1997: Go Power!: The Complete Atomic City Tales Collection

Go Power!: The Complete Atomic City Tales Collection (1997) #1 by Jay Stephens

As far as I can tell, this is the last thing that the (post-)Ocean Group iteration of Kitchen Sink published before (almost) going under, and then being bought by a new investor. So I’m going to cover more of that at the end of this blog post, but let’s read the book first.

From the title, I had assumed that this would be a, well, complete collection of all the Atomic City Tales stuff (including the three issues that Kitchen Sink had published), but I missed the “vol 1”, I guess, and Atomic City Tales wasn’t officially dead yet. (Reading interviews with Stephens, he seemed rather burned out on the concept, so I was thinking that he’d decided to cancel it already.)

Bu I think Oni Press printed the entire series in two volumes, judging by the titles of the collections alone.

So: This collection collects all the old stuff (published by Black Eye, mostly), and adds stuff like this framing story.

The earliest stories have more rough-hewn artwork.

These were originally published in Stephens’ one person anthology Sin, I think? And you can see how the concept might have grown organically, from a pretty goofy “what if one of these slackers got the powers to change reality” to being a almost a super-hero comic book.

In interviews, Stephens said he got consistent feedback about the Atomic City stuff (as opposed to the rest of his material): People didn’t like it (as much as they liked his other stuff). It’s plenty amusing…

… but it doesn’t really seem to go anywhere. Which is perhaps not that surprising if it just sort of… grew… and reading the collection, it’s charming, but it’s not really compelling.

The artwork is extremely appealing, though.

But it’s like… he hand-waves at perhaps building to some sort of more complex narrative, but then nothing ever comes of it. I’m assuming he put scenes like this in just to fuck with people (“haha! you think this is going somewhere? I’ll show you!”), and I’m all for that, but in collected form, it’s hard not to grow impatient with it all.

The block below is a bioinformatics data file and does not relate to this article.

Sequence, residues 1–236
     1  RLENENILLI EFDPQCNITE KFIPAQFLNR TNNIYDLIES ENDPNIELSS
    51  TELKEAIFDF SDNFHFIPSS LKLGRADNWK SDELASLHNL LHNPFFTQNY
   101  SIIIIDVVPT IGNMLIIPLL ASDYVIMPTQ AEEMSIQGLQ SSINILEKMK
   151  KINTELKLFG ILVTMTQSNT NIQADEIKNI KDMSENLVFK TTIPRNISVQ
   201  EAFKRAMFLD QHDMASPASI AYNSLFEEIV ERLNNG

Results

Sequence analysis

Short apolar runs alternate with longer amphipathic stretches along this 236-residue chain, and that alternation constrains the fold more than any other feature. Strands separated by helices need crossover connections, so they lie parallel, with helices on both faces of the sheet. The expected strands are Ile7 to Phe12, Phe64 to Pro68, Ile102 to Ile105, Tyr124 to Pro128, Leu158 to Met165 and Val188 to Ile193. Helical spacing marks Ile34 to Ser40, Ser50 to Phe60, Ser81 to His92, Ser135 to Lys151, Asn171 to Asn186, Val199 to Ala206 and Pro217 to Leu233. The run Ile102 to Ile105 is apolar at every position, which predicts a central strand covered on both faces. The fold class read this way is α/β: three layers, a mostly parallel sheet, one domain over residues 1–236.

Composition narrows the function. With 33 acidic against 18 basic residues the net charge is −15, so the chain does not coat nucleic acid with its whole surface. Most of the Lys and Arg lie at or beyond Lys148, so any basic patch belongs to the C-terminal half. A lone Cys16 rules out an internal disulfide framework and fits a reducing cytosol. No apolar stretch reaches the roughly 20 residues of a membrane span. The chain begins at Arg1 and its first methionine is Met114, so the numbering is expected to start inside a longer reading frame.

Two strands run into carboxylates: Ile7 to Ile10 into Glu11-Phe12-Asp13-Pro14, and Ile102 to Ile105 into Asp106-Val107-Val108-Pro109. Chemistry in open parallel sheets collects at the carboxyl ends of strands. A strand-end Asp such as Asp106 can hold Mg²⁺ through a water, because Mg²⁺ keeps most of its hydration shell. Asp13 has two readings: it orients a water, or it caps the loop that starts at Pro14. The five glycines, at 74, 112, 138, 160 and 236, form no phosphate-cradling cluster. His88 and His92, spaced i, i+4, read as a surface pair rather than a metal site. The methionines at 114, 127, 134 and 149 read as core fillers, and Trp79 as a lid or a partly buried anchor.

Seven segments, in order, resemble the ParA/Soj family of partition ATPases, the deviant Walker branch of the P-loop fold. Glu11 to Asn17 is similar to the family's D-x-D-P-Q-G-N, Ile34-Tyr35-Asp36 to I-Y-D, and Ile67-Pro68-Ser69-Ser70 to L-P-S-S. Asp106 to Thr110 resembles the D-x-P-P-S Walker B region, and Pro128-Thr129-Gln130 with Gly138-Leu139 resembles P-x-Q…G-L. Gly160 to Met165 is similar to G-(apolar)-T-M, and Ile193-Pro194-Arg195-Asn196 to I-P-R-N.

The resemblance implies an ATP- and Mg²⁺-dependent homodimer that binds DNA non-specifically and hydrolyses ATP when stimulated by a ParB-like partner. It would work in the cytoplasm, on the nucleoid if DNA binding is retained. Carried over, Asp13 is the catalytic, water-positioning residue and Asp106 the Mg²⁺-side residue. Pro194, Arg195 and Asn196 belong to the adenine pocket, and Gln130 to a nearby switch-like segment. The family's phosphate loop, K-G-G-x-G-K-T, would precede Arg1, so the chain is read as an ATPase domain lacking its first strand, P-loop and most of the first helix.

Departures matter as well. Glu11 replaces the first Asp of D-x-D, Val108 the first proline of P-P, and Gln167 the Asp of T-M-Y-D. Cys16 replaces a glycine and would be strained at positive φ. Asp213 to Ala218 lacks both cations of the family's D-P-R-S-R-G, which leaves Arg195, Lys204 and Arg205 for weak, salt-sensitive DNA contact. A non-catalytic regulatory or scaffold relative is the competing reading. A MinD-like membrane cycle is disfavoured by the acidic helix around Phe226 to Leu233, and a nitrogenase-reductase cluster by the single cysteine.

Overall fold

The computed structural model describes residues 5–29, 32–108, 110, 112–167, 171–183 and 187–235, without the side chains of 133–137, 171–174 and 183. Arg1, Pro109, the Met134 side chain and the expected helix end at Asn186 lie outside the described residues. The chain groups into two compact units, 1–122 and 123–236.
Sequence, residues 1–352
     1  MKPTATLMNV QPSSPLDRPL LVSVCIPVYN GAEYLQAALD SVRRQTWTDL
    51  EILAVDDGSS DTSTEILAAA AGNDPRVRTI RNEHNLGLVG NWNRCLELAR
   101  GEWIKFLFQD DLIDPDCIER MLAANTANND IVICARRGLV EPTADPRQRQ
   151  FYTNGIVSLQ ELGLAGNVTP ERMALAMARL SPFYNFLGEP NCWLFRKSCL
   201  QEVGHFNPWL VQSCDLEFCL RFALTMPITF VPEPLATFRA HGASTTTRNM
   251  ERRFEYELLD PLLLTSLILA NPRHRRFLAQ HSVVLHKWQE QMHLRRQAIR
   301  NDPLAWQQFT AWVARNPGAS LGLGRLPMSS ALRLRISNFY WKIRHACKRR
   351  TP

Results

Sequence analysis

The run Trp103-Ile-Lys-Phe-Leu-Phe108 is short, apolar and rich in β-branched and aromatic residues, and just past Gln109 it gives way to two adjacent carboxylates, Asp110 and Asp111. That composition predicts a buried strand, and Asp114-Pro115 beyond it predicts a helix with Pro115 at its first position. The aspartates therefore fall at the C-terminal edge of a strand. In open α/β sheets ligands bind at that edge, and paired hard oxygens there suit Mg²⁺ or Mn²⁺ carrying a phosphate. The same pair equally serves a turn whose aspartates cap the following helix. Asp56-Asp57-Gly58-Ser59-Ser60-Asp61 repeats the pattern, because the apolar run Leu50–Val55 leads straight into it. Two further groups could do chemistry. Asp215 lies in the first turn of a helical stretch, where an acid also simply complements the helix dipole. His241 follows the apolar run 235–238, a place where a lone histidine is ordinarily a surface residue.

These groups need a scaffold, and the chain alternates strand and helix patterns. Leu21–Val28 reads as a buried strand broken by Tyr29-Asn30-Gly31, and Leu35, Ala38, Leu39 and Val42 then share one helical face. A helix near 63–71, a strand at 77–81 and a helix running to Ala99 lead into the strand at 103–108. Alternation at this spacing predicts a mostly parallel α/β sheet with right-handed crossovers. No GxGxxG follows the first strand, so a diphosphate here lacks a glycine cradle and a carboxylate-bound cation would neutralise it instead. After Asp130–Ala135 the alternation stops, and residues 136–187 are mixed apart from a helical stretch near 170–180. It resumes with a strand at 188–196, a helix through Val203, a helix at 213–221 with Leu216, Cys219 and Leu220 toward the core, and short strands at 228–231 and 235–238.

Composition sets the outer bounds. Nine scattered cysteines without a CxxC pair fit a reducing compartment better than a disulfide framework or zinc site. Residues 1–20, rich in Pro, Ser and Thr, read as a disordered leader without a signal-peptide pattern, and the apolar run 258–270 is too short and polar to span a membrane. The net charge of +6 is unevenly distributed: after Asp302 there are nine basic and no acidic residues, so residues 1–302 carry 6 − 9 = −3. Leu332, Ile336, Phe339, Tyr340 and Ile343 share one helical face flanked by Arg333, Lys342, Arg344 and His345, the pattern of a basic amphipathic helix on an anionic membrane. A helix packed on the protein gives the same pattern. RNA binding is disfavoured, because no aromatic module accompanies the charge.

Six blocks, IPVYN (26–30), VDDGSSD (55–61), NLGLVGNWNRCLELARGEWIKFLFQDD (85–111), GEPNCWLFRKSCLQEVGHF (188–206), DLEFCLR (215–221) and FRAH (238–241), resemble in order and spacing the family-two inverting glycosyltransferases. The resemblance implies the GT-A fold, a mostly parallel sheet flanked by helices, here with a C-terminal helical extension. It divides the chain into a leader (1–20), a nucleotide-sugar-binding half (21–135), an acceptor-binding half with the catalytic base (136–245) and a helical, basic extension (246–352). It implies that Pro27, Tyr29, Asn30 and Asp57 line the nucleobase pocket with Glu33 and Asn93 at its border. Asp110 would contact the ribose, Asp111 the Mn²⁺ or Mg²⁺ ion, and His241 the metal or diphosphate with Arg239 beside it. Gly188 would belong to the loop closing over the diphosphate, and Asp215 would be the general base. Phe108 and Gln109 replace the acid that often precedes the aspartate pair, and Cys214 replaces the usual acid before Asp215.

I guess I never made the connection to Flaming Carrot before — this isn’t just inspired by The Jam or Mike Allred, but is perhaps also inspired by Bob Burden?

The storylines in this book all have endings of sorts, but they aren’t all that satisfying. I think reading this in a monthly book would be more satisfying — the lack of it all building towards anything would be less jarring.

After doing these stories for Black Eye, Stephens got feelers from Matt Groening’s Zongo Comics to take Atomic City Tales there. They dicked him around for almost a year, finally giving him a ridiculous contract where Zongo would own most of the rights to the entire concept, and he finally told them to go fuck themselves. (I’m paraphrasing a couple interviews slightly. Sliiightly.) He then took the series to Kitchen Sink, who were great about everything, but had economic problems, so things didn’t really go that well there either.

But before we leave this book and go on to talk about Kitchen Sink’s near-bankruptcy in 1997, Stephens has an interesting take on being published by small publishers like Black Eye.

Stephens is interviewed in The Comics Journal #212, page 95:

[talking about The Land of Nod]

STEPHENS: What happened is.. .Michel for some rea-
son decided that even though the artwork’s all messy
and rough, the lettering might have a bit too many
black flecks on it for reproduction. I was in Prague for
all of this. The issue should have been out and on the
stands before I left, and wasn’t, which was another
continuing problem with Black Eye. I mean, poor
Michel — I don’t know why he thinks it has to be a
one-man operation, but you can’t do everything. Any-
way , so first ofall he decided to Scan the lettering, clean
it up and drop it back in. Whatever. Thadshis preroga-
tive, I suppose, as a publisher. So he personally made
the mistake of dropping the same thing in twice, or
forgetting to drop something in. Thads fine. The
tragedy comes when the bluelines, which he’s paying
good money for, come in, and he doesn’t look at them.
He didn ‘t checkover the printer’s blueline copy, and he
had the book printed — the fill run — with errors,
which is a pretty big mistake. And from what I hear, in
the same couple of months that he did that was the
whole Black Eye disaster, which I don’t need to cover
— I mean, it was covered in an earlier Journal article.
There were missing pages in Bnlbakeds book He
printed poor Brian Biggs’ cover upside down — it was
a disaster. He forgot to ship books to a small press
convention — just a disaster. It was a mess. I’m
embarrassed talking about it.
SULLIVAN: It’s unfortunate, because he uas publishing a